I make my own "tea" by dehydrating all kinds of wonderful spring leaves, roots & such, mix them all up and store them in gallon glass jars for a delicious healthy hot or cold drink all year long. For sun tea I grab a handful, put them in a gallon jar filled with water and set out on the porch railing in the sun. For hot tea I have a big pot on the back of the woodstove all winter long. Here's a list of some of the ingredients I gather and dehydrate:

wild blueberry leaves
raspberry leaves
strawberry leaves
elder flowers
red clover blossoms
chammomile flowers
dandelion leaves & roots (before they blossom!)
soft new spruce tips
rose hips
horsetail
nettles
lemon & orange peel

There are other wild Alaska herbs and berries I use that might not be familiar with most of you, but you get the idea. And all these things are loaded with flavor and healthy good stuff! Cuppa tea anyone?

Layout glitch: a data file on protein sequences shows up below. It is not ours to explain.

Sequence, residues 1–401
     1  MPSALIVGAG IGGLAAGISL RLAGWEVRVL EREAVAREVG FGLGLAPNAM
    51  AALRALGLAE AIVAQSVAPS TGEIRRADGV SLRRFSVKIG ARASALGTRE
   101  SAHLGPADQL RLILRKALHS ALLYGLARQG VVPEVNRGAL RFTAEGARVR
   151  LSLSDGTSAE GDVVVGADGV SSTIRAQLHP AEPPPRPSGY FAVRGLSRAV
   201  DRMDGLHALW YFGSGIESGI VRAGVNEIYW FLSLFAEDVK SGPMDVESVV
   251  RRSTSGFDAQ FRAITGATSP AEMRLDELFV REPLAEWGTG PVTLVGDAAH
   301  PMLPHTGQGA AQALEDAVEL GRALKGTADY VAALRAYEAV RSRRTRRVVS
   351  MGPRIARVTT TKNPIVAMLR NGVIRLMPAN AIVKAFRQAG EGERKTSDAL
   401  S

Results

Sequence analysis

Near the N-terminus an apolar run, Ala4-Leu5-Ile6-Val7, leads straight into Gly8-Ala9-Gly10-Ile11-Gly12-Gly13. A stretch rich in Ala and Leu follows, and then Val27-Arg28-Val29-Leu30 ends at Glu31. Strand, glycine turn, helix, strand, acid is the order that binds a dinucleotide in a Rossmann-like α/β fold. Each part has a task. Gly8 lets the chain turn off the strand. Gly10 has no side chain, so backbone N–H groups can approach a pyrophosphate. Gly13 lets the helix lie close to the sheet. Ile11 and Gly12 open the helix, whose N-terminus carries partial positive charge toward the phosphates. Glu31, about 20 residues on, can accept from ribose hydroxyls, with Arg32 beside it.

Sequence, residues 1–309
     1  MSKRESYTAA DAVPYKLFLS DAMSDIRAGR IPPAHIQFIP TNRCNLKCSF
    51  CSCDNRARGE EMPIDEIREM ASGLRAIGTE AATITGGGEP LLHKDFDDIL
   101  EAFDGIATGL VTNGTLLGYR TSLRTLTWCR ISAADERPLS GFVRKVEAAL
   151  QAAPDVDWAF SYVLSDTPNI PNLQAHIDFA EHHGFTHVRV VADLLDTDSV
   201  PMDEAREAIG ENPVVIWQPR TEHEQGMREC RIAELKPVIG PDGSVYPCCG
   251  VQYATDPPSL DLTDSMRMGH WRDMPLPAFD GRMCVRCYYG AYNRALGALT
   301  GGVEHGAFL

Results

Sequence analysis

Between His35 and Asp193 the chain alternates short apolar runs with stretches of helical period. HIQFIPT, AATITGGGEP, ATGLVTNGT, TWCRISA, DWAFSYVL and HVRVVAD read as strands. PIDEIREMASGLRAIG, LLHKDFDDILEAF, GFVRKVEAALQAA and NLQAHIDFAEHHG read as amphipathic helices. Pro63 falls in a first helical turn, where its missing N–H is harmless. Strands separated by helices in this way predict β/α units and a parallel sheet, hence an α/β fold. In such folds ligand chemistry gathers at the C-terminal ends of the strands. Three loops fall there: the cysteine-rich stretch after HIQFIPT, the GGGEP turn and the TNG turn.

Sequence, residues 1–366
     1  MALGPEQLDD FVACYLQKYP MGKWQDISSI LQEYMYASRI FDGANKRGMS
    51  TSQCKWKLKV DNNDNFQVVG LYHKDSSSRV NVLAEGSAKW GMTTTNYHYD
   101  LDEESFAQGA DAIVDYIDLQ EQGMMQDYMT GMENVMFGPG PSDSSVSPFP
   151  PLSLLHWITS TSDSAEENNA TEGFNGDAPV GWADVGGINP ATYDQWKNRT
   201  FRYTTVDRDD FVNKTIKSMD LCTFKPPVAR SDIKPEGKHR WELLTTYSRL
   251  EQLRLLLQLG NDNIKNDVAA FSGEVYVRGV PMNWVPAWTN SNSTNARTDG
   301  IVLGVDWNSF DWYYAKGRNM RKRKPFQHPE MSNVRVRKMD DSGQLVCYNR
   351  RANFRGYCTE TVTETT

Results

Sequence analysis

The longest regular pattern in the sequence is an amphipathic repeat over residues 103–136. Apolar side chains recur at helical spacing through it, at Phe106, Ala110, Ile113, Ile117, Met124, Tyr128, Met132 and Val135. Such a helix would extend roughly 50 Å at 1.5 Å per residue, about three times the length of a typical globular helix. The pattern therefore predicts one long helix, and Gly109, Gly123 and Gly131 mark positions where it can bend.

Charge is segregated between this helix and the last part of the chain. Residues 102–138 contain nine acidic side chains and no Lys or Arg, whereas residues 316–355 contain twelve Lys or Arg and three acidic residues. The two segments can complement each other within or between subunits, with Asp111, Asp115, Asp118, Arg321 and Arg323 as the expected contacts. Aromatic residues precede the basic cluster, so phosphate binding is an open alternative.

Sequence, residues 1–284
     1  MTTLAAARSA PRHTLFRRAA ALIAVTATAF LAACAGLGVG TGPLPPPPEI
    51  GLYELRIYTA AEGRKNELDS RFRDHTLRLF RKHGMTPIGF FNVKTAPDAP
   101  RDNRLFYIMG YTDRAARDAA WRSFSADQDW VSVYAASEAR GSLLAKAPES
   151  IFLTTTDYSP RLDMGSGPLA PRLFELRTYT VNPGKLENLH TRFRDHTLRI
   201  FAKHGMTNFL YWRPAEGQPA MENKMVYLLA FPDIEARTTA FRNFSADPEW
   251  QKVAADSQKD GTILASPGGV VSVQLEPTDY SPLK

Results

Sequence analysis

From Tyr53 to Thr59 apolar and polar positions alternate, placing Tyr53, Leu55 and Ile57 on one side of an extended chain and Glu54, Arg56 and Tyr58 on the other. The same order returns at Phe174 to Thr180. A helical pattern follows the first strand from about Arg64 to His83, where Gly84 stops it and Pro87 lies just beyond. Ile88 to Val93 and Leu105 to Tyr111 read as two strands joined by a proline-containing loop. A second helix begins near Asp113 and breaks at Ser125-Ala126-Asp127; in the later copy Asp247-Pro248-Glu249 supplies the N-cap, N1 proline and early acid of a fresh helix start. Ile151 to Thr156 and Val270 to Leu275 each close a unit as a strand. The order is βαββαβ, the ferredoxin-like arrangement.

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Old 04-08-2009, 11:38 PM
 
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Wonderful! I was picking some of the leaves (raspberry, camomile, rosehips), but never thought of strawberry leaves and blueberry leaves. I also never thought of MIXING it all, kept it all separate. I suppose some berries, like cranberry, can be dehydrated and added to the mix.

Speaking of drinks reminded me of the coffee substitute - Common chicory.

"The cultivated forms are grown for their leaves (var. foliosum), or for the roots (var. sativum), which are baked, ground, and used as a coffee substitute and additive."

Chicory - Wikipedia, the free encyclopedia
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Old 04-09-2009, 01:22 AM
 
Location: The end of the road Alaska
860 posts, read 1,706,182 times
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Absolutely dried berries go great in the mix. I add dried wild blueberries and cranberries which are in abundance here. I don't get so many strawberries or raspberries so I use them for jam but any dried berry will work. Last fall the cranberries were so thick it looked like someone had dumped bucketsfull all over the muskeg.

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Old 04-09-2009, 05:49 AM
 
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Yum, I want some! You are so lucky to live there GrammasCabin!!!!